“Why is Rachel Dolezal back?” Outcry as Netflix drops documentary trailer on white woman who “identifies as black.”

Just when we thought she had disappeared from limelight and many black people’s nerves, Netflix has just dropped a trailer of its upcoming documentary on the controversial Rachel Dolezal – the white woman who  claims she “identifies as black”, saying she is “transracial”. And once again she has ignite an uproar and this time even her own son, who is bi-racial, is also vehemently resentful.



Dolezal, who now fancily calls herself Nkechi Amare Diallo (and still insists she is a black woman) has a well documented and mind-numbing story, including the fact that for years, she had even presided over the National Association for the Advancement of Coloured People (Naacp) after hoodwinking everyone into thinking she was black. She was only unmasked in 2015 when her white biological parents exposed her true identity – to a global outcry.

But it seems after a year into oblivion, she is back seeking legitimacy – to the bafflement of many including one of her two young sons.

“This documentary might just backfire, like everything else has backfired… I resent some of the choices and some of the words she has spoken in it. She can identify with whatever she wants to be because its her business, but when its put in the limelight, I don’t think you should be pissing people more than they already are…” laments her son Franklin, against the documentay The Rachel Divide, which will stream on Netflix in April.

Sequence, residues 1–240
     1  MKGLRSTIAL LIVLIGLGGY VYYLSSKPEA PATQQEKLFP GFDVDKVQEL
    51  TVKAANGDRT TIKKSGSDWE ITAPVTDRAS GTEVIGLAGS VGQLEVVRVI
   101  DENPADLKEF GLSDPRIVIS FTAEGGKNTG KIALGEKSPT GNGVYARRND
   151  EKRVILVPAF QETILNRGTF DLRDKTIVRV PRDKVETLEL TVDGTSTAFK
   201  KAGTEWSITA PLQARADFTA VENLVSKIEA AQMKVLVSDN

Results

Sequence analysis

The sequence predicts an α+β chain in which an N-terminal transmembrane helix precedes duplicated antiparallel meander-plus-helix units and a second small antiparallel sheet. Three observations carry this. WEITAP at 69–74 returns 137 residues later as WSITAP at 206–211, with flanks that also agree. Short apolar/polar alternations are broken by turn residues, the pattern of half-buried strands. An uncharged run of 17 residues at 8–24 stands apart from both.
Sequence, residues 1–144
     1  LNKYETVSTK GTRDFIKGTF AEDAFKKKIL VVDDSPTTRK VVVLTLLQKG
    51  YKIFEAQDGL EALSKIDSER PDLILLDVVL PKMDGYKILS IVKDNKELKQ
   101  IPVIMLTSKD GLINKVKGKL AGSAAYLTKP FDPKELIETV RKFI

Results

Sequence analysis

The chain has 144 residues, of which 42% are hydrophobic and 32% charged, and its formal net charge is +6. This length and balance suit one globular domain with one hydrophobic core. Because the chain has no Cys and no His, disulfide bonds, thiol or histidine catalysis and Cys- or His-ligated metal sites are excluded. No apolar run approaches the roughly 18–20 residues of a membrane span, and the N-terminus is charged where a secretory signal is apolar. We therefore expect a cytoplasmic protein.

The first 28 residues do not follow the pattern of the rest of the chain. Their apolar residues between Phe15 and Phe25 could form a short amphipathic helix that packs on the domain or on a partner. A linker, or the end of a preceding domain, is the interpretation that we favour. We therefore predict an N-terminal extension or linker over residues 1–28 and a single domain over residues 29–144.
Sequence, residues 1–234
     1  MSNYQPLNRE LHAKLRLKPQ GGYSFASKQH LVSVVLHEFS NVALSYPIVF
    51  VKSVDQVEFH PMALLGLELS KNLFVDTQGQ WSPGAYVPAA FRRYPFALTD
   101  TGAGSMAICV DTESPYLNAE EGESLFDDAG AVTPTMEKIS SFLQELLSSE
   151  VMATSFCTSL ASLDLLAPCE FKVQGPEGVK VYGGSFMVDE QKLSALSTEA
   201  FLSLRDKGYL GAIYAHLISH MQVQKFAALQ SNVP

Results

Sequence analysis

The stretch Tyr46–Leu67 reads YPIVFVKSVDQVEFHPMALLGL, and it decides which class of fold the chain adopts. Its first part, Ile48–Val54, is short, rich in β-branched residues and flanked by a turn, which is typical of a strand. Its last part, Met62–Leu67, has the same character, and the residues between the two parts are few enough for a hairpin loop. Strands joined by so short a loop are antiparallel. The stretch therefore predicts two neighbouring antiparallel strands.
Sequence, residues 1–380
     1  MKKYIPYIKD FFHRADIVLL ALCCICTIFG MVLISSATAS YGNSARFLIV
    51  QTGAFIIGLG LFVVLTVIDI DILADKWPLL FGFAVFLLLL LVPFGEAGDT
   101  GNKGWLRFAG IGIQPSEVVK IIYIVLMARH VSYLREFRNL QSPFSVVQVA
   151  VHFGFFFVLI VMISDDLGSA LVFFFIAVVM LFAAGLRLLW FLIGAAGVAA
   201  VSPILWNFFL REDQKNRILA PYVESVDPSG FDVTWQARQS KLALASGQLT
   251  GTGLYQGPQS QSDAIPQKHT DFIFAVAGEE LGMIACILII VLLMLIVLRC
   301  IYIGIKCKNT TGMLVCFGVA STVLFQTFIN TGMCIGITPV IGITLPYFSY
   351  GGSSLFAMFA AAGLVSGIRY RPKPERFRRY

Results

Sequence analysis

But from the 2.30minute clip released by Netflix on Thursday, in which she appears with her now trademark afrobraids, Dolezal appears hellbent on defending her perplexing theory: “If someone has hope, don’t take that away from them, maybe its all that they have,” she coyly responds to her son he implores her to give it up: “why don’t you just let it go away?” Franklin pleads with his mum.

The outrage to this documentary so far,  is tellingly scathing. here are a few reactions.






reGina Jane

reGina Jane Jere is a Zambian-born London-based journalist and founding Editor of the New African Woman magazine the sister-publication of the New African magazine of which she was the Deputy Editor for over a decade. The mother of two juggles a wide-range of editorial and managerial duties, but she has particular passion on women’s health, education, rights and empowerment. She is also a former Zambian correspondent for Agence France Presse, and a former Africa Researcher at Index on Censorship. She writes extensively on a wide range of issues, from politics to women’s rights, media and free speech to beauty and fashion

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